Excerpt: Fulfilled prophecy is one of the foundational characteristics of the Christian faith. But how many Christians study it, and how many of those who study it actually understand its purpose? As we begin a new year, let us begin a new attitude toward Bible prophecy.
Everybody wants to know the future. Some would use such knowledge to become rich, others to prevent tragedy, and still others to see whether plans made today will work out a decade from now. But Christians have a unique interest in prophecy, since it is one of the defining characteristics of the Bible that puts it in a class of its own among religious writings.
But this aspect of the faith that should be to its credit has become one of its greatest embarrassments— not because of failure on God’s part, but on our part. Too many of us not only engage in endless date-setting and wild speculation, but also snarl and hiss at fellow believers who disagree with our own viewpoints, sometimes to the point of calling them unbelievers.
Like much of the rest of the world today, Christians seem to have abandoned all principles of sound thinking in favor of fads and wishes. We have begun to equate the cryptic lines of Nostradamus with “This is what the Lord says”. We blindly swallow the likes of the so-called Gospel of Thomas, while also blindly swallowing the lies of Christo-phobic professors who cast doubt upon the Bible without warrant. If we hear some popular self-proclaimed Bible teacher say that there will be no Tribulation or no Rapture, we give up all the scholarship to the contrary without a fight.
If we are to consider ourselves followers of Jesus, then let’s follow him who treated Bible prophecy as divine and perfect. The scriptures tell us to “Test everything and keep the best” (1 Thes. 5:21), but we cannot do this without study. We must study what has happened in the past in order to have any clue what unfulfilled prophecies remain.
One of the most critical factors determining how we will interpret Bible prophecy is how we view the church and Israel. Someone who believes these two are now one will interpret prophecy one way, and someone who believes they are distinct and separate will interpret it another way. Two people with opposite views on the church and Israel will never, ever come to agreement on prophecy. This, more than anything else, is what drives the wedge between the various Rapture viewpoints. Practically all of the bitter feuds over the timing of the Rapture stem from how people view the church and Israel.
But this is not the only issue to resolve when discussing prophecy with other believers. The fact that some consider others unbelievers over their prophecy opinions is a cause of great concern. Too many Christians are so convinced that other people’s views are dangerous or heretical that they treat them worse than they treat the lost, and this horrible example of self-hate in Christianity is one reason many turn away from the Gospel. Even if it were true that someone’s prophecy view is dangerous in some way, and even if it were true that this causes a person to be spiritually lost, shouldn’t such people be prayed for rather than condemned? Do we really think that bashing and mocking is the way to either convince our debate opponents to change their minds or to impress unbelievers to come to Christ?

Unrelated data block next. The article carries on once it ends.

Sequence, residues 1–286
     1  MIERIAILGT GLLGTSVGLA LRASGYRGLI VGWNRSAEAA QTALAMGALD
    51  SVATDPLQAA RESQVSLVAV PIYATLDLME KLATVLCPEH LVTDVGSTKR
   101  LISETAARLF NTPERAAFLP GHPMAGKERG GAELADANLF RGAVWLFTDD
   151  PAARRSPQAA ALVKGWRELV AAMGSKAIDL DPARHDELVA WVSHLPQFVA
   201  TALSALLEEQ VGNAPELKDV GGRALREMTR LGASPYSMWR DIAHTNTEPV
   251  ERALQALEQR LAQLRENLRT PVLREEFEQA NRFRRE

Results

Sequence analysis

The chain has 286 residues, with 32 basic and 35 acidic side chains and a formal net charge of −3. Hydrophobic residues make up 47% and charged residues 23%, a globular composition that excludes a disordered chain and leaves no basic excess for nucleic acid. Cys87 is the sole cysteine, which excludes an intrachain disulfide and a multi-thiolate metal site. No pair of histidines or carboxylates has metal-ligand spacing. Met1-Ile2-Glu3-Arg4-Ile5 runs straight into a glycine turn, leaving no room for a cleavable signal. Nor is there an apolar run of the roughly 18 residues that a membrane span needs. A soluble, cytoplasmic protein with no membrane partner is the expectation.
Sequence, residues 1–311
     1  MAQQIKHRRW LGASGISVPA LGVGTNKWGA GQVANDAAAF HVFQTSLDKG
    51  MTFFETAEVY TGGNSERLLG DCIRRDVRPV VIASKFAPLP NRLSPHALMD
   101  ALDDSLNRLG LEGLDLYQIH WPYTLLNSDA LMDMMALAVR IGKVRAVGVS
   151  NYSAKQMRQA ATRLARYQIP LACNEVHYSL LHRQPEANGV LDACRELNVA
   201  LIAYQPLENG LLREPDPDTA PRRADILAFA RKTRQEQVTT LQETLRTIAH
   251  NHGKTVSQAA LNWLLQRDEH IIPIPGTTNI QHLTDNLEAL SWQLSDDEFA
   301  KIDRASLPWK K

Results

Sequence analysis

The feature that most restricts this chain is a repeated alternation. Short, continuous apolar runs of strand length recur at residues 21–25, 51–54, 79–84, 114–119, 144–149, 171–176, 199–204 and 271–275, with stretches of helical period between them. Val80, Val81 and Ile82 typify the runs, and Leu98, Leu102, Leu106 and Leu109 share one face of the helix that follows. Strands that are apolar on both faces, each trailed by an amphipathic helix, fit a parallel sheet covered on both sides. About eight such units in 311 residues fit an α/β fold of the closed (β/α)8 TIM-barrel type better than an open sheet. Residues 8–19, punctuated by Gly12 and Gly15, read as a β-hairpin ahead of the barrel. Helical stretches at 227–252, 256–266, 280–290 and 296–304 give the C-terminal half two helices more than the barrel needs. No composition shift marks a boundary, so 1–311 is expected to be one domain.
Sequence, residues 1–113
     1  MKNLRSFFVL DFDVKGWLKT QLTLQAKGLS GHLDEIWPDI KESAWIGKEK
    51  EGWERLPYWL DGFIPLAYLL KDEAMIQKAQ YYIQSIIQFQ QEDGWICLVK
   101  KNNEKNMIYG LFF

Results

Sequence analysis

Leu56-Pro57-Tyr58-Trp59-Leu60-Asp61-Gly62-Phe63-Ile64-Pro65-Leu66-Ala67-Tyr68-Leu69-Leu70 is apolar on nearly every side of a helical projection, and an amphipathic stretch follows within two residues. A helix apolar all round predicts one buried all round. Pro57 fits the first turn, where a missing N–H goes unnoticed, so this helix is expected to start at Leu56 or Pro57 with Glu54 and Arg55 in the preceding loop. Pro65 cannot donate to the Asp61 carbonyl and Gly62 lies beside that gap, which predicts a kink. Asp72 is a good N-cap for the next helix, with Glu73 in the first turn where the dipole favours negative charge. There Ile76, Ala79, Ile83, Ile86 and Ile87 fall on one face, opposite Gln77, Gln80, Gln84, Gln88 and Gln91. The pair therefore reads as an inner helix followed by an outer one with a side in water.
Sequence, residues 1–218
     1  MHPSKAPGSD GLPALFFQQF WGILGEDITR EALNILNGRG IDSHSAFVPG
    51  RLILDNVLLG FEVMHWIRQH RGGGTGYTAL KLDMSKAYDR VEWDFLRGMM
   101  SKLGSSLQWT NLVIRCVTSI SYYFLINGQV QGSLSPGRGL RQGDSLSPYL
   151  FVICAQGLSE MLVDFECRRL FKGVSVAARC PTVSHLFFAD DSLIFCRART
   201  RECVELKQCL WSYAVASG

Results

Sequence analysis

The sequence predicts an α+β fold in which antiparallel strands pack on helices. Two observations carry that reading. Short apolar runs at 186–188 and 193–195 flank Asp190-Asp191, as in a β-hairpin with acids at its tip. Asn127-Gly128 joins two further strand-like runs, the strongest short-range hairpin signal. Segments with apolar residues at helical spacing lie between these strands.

And this is not only a problem among “average” Christians; it is rampant among the teachers. The internet is filled with bitter and hateful screeds over when Jesus will return; what kind of witness is that? And in any given “Christian” message board you will find page after page of self-proclaimed experts in Bible prophecy cursing each other, slandering each other, and mocking each other. What kind of example is that? We rightfully condemn the attitudes and actions of fringe groups such as the Westboro Baptists, but ignore or support identical hate and stupidity against fellow believers with differing prophecy teachings.
This hardly means that Christians are not allowed to passionately debate such things; we find examples of such debate in the pages of scripture. Instead, it means that we need to stop acting like gladiators out to kill the opposition, and instead start producing “the fruit of the Spirit” (Gal. 5:22-23). We must remember that 1 Cor. 13 is still in our Bibles. We must stop playing God by presuming the motives of those who disagree with us. We must stop considering ourselves the last line of defense against heresy. We must get out of the Holy Spirit’s chair.
Debate ideas, not people. Research every claim. Remember that we are all fallible. But above all, remember that Jesus promised to return when he is least expected (Mat. 24:44, Luke 12:40), and that he’d better not find us beating our fellow servants (Mat. 24:45-51). Humility, not control or conquest, is the first and most important quality of the Christian.